Environmental history is often characterized by the interdisciplinary character of its research. Since its earliest iteration in the 1970s, some of the leading scholars in field stressed the importance of integrating interdisciplinary insights into the study of the historical interrelationship between nature and society. In his 1990 article on the “new field of ecological or environmental history,” Donald Worster argued that “the environmental historian must turn for help to a wide array of the natural sciences and must rely on their methodologies, sources and evidence,” in order to understand the first level of his three-part model for doing environmental history, the study of nature itself over time. Worster’s model, however, limited its call for interdisciplinary research to bridging work in the humanities with the natural sciences. This, of course, overlooks the interdisciplinary interconnections between historical scholarship and other disciplines in the humanities.
Environmental history research at the third level of Worster’s model, human perception and imagination of nature, can indeed benefit from the methodologies, sources, and evidence of other humanities disciplines. This was the purpose of the recent “Cross-Pollination” workshop held at the University of Alberta, an effort to bridge environmental research across the arts and humanities. More than thirty scholars from a number of different backgrounds, including historians, writers, literary critics, curators, environmental consultants, and visual artists, gathered to share their research with the goal of exploring possible connections across their respective disciplines.
At first, I struggled to find these connections as I read some of the papers and listened to the presentations. Literary criticism and semiotic analysis of art fall relatively far outside my areas of expertise as a historian. Then again, so does ecology, paleobotany, climatology, and archaeology. I became more convinced of the scholarly benefits of interdisciplinary research within the humanities for environmental history, particularly as I read the work of Richard Pickard, Lianne McTavish, and Jingjing Zheng.
Richard’s paper, titled “Whatever Else Climate Change is Freedom: Frontier Mythologies, the Carbon Imaginary, and BC Coastal Forestry Novels,” examined frontierism in early British Columbia fiction about forestry. He deconstructed the works of M. Allerdale Grainger’s 1908 novel, Woodsmen of the West and Roderick Haig Brown’s 1942 romance novel, Timber in order to uncover traditions in BC fiction that point to the interconnections between forestry labour and independence as a persistent characteristic of the industry that continues to influence debates over the role of forestry in climate change policy. Richard’s skills in literary criticism and ecocriticism, applied in this research, could be of tremendous benefit to environmental history research that looks at human perception and imagination of nature. This, of course, builds off of other leading scholars in the field of ecocriticism, including the work of Lawrence Buell.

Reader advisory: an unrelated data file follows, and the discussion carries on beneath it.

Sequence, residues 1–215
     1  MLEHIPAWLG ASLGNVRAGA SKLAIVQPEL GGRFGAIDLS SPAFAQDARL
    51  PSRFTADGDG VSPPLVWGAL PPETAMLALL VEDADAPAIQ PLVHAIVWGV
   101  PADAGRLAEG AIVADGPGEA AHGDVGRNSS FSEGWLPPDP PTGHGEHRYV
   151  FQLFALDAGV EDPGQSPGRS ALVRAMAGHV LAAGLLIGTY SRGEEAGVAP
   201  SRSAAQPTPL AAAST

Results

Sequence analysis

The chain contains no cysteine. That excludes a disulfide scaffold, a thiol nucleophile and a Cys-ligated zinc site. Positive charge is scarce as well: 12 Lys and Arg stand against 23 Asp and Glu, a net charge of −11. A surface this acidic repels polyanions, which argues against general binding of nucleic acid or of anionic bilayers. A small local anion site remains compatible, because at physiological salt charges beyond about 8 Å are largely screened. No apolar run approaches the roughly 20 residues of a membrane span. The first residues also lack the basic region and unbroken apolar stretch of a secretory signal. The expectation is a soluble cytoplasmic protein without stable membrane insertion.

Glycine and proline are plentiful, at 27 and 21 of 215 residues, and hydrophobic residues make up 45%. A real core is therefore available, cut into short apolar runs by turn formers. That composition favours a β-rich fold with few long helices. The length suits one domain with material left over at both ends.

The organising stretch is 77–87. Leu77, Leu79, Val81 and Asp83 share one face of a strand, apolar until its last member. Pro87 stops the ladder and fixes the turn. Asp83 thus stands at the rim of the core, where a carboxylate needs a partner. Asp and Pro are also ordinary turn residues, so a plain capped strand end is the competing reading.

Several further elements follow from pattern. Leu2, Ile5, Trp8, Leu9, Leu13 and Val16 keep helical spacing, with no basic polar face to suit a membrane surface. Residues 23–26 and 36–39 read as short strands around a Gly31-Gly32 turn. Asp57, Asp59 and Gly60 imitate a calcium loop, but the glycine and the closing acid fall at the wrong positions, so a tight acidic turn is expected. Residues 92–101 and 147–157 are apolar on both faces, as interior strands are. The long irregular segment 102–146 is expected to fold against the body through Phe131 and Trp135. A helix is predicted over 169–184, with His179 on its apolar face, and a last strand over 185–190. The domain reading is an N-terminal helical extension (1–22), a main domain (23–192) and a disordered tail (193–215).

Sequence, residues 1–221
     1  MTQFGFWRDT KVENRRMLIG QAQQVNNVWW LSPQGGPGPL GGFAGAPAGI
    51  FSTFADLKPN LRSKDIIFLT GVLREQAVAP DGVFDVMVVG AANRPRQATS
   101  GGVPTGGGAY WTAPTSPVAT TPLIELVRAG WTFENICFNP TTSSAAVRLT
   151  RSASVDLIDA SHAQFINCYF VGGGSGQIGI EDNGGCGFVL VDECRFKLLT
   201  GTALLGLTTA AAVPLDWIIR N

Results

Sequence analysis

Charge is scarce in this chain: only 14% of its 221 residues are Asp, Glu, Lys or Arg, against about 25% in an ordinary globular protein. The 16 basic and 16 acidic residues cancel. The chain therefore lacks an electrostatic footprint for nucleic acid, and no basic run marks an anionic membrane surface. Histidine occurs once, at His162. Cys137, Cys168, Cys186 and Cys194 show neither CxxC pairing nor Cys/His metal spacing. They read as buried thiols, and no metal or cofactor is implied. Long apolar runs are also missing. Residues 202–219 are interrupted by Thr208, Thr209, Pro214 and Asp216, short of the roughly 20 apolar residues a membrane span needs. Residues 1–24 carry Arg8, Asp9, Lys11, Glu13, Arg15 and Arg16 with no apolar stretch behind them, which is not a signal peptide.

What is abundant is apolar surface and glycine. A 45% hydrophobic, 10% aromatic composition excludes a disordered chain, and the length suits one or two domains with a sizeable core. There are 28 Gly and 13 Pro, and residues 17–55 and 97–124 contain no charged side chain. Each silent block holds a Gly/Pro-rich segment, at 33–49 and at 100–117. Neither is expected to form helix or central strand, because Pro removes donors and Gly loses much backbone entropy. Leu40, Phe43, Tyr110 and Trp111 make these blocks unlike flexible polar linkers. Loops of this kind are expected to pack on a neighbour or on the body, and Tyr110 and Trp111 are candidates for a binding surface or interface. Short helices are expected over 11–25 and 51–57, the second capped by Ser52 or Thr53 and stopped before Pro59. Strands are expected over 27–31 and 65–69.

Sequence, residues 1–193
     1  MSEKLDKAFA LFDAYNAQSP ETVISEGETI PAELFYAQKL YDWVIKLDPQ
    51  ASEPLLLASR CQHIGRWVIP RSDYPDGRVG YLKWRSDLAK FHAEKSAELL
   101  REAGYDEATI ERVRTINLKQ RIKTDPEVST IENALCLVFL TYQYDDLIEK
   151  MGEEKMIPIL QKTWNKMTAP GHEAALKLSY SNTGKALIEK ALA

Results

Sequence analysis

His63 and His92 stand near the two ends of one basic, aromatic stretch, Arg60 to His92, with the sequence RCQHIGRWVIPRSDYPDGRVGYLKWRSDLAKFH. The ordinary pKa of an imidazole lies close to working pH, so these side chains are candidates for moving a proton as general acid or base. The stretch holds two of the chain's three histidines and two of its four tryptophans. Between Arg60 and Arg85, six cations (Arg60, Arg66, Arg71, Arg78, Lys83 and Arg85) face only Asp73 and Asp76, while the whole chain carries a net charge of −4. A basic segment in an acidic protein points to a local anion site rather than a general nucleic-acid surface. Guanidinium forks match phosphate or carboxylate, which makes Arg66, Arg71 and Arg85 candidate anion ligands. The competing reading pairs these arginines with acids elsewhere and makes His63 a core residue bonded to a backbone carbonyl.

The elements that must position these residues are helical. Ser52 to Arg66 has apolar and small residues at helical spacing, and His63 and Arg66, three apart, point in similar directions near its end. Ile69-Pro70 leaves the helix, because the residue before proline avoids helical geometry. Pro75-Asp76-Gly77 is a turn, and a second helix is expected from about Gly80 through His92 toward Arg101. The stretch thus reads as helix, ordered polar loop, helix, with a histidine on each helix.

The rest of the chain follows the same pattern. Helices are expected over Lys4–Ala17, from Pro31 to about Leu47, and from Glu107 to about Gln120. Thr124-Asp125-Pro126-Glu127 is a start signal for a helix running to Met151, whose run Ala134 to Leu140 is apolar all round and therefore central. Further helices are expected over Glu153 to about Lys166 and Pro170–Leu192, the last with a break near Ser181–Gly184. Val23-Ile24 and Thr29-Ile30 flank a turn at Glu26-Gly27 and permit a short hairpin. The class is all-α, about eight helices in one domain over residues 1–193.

Similarly, Lianne McTavish, and Jingjing Zheng’s paper, “Rats in Alberta: Looking at Pest Control Posters from the 1950s” very effectively demonstrated the interdisciplinary common ground between art history, semiotic analysis, and environmental history. Their paper explored the visual history of the Alberta government campaign to eradicate Norwegian rats from the province in the 1950s. Using techniques of semiotic analysis, they made a persuasive case that these posters had the effect of teaching Albertans how to visualize and identify these rat species as a threat to the provincial economy and health.
These works revealed to me some of the potential interconnections between environmental history and other disciplines within the arts and humanities. This, I think, is especially useful for that third level of analysis in Donald Worster’s model for environmental history, one which he characterized as “highly consequential, moving with all the power of great sheets of glacial ice, grinding and pushing, reorganizing and recreating the surface of the planet.” In order to better understand that more intangible, purely mental type of encounter between humans and the rest of nature, environmental historians should broaden their interdisciplinary approach to consider the methodologies, sources, and evidence from other disciplines within the arts and humanities as well as the natural sciences.
 Donald Worster, “Transformations of the Earth: Toward an Agroecological Perspective in History” Journal of American History 76 (4) 1990: 1088.